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Yeast Ubp3 and its co-factor Bre5 form a deubiquitylation complex to regulate protein transport between the endoplasmic reticulum and Golgi compartments of the cell. A novel N-terminal domain of the Ubp3 catalytic subunit forms a complex with the NTF2-like domain of the Bre5 regulatory subunit. In this study, we report the X-ray crystal structure of an Ubp3/Bre5 complex and show that it forms a symmetric hetero-tetrameric complex in which the Bre5 NTF2-like domain dimer interacts with two L-shaped β-strand-turn-α-helix motifs of Ubp3. The Ubp3 N-terminal domain binds within a hydrophobic cavity on the surface of the Bre5 NTF2-like domain subunit with conserved residues within both proteins interacting predominantly through anti parallel β-sheet hydrogen bonds and van der Waals contacts. Structure-based mutagenesis and functional studies confirm the significance of the observed interactions for Ubp3-Bre5 association in vitro and Ubp3 function in vivo. Comparison of the structure to other protein complexes with NTF2-like domains shows that the Ubp3/Bre5 interface is novel. Together, these studies provide new insights into Ubp3 recognition by Bre5 and into protein recognition by NTF2-like domains.
Deubiquitylation is catalyzed by deubiquitylating proteases (DUBs) that fall into at least five distinct families: the ubiquitin-specific processing proteases or UBPs; the ubiquitin carboxy-terminal hydrolases UCHs; the Ataxin-3/Josephin domains; the Ovarian Tumor domain-containing proteases or OTUs and the JAMM proteases 1. Among these DUB families, the UBPs (also called USPs in human) represent the most widespread deubiquitylating enzymes across evolution and have been implicated to regulate diverse biological processes 1. Homology among the UBP enzymes is restricted to a roughly 350-residue catalytic core domain, while the UBPs contain variable N terminal, or occasionally, C-terminal extensions, or insertions in the catalytic domains. The molecular basis for how different UBPs select their cognate substrates and mediate distinct cellular functions is still unclear, although the variable N-and C- terminal extensions, association with different cofactor proteins 2; 3, and subcellular localization 4; 5 have been implicated in the process.
The structure of the catalytic domain of the UBPs both alone and in complex with ubiquitin 6, and of other regions of the UBPs in complex with regions of their protein substrates 7; 8; 9 have provided important information underlying the catalytic activity of these enzymes and their mode of substrate targeting. In contrast, there has been no structural information reported to date on a deubiquitylating enzyme in complex with its protein cofactor, and therefore the structural basis for cofactor recognition by ubiquitylating enzymes has remained obscure.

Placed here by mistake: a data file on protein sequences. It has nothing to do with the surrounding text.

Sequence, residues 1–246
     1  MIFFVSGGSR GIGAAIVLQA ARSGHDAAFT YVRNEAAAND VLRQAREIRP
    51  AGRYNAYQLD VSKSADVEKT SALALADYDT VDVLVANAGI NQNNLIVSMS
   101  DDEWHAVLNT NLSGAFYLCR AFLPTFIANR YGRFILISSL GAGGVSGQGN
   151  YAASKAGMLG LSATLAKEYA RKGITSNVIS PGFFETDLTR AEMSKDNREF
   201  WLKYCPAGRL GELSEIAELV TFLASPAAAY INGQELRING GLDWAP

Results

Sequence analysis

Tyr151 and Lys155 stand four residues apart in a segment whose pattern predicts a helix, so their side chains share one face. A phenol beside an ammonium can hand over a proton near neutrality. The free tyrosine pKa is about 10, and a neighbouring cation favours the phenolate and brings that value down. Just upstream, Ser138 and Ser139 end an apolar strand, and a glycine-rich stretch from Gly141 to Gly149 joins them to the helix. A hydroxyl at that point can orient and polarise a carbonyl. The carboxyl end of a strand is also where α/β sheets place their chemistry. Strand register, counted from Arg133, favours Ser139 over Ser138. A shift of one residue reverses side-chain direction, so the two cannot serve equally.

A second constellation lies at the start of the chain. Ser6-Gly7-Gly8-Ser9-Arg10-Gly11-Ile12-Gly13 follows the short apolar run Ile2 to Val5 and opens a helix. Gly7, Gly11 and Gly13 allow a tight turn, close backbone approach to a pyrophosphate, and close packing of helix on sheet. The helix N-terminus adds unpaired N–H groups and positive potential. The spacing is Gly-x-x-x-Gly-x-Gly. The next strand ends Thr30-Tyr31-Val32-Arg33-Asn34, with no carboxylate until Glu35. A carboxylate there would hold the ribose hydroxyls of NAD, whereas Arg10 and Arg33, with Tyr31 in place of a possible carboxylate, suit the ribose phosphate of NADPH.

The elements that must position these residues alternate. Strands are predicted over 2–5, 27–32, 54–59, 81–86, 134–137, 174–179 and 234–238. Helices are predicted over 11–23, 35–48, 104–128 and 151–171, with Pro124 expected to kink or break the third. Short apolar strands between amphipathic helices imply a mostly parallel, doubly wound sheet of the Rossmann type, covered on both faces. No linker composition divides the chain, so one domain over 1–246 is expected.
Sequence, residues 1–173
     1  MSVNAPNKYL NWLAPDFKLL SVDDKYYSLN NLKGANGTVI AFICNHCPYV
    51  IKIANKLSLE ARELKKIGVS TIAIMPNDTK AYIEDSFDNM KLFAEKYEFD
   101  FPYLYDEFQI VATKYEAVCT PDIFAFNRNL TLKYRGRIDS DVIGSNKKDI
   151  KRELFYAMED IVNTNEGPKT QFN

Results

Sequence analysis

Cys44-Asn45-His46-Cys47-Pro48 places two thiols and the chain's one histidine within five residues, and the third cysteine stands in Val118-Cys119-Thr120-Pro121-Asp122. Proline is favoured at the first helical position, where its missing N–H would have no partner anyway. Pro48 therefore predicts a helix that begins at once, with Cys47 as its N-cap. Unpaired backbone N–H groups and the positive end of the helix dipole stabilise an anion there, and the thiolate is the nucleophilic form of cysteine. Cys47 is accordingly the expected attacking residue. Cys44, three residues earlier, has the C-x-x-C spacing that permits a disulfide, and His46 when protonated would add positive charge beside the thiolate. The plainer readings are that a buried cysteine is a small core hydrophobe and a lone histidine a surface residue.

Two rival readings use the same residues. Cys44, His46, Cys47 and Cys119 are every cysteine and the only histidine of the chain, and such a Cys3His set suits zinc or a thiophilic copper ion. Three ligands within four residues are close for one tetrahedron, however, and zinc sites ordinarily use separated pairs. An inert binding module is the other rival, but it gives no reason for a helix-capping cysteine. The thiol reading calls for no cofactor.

One such Ubp/cofactor complex is the Ubp3/Bre5 complex. Ubp3, the yeast homologue of human USP10, has been shown to form a complex with the Bre5 cofactor to specifically deubiquitylate and consequently control the expression level of the Sec23 10 and β ′-COP 11 subunits of the COPII and COPI complexes that regulate anterograde and retrograde transport between the endoplasmic reticulum (ER) and the Golgi apparatus 10, respectively. Deubiquitylation by the Ubp3/Bre5 complex has also been shown to play a role in cytoplasm to vacuole (Cvt) trafficking. The substrate for the Ubp3/Bre5 complex in this pathway is the cargo receptor, Atg19p, whose ubquitylation status is a functional component in the Cvt pathway 12. We previously showed that Bre5 is an essential positive regulator for Ubp3-mediated biological function in vivo 10. However, Bre5 does not complement a catalytically inactive Ubp3 and is not involved in substrate recognition10. Current hypotheses suggests that Bre5 could influence either the targeting of Ubp3 to its specific substrate, or modulate its catalytic activity or both.
Yeast Bre5 has two recognizable domains, a nuclear transfer factor 2 (NTF2)-like domain at the N terminus (residues 8–140) and a RNA recognition motif (RRM) at the C terminus (residues 419–481) (Figure 1A). Although, NTF2-like domains are found in many proteins with diverse activities, 13; 14; 15; 16, a common function of these domains appears to be that they mediate protein-protein interactions. In previous structure/function studies, we showed that the Bre5 NTF2-like domain forms a tightly associated homodimer that directly associates, also with high affinity, with a folded domain within the N-terminus of Ubp3 17. In contrast the RRM is not required for the function of the Bre5/Ubp3 complex at least on Sec23 and β′-COP substrates11.
Yeast Ubp3 is a 912 amino acid residues protein. The C terminal half of Ubp3 (450–912) harbors the UCH (Ubiquitin carboxyl-terminal hydrolase) catalytic domain, while the N-terminal half has no detectable sequence homology to other proteins (Figure 1A). Our previous study showed that residues 180–260 within the N-terminal half of Ubp3 harbors a Bre5 binding domain 17.
In this study, we present the X-ray crystal structure of the Bre5 NTF2-like domain in complex with a high affinity N-terminal domain of Ubp3 (residues 189–233), that shows that the Ubp3 N-terminal domain adopts a novel L-shaped β-sheet-turn-α-helix topology that interacts with the Bre5 NTF2-like domain in a mode that differs from other protein complexes with NTF2-like domains. We also perform structure-based mutagenesis and functional studies to confirm the significance of the observed Ubp3/Bre5 complex for Ubp3-cofactor association in vitro and Ubp3 function in vivo. Together, these studies provide new insights into Ubp3 recognition by Bre5 and into protein recognition by NTF2-like domains.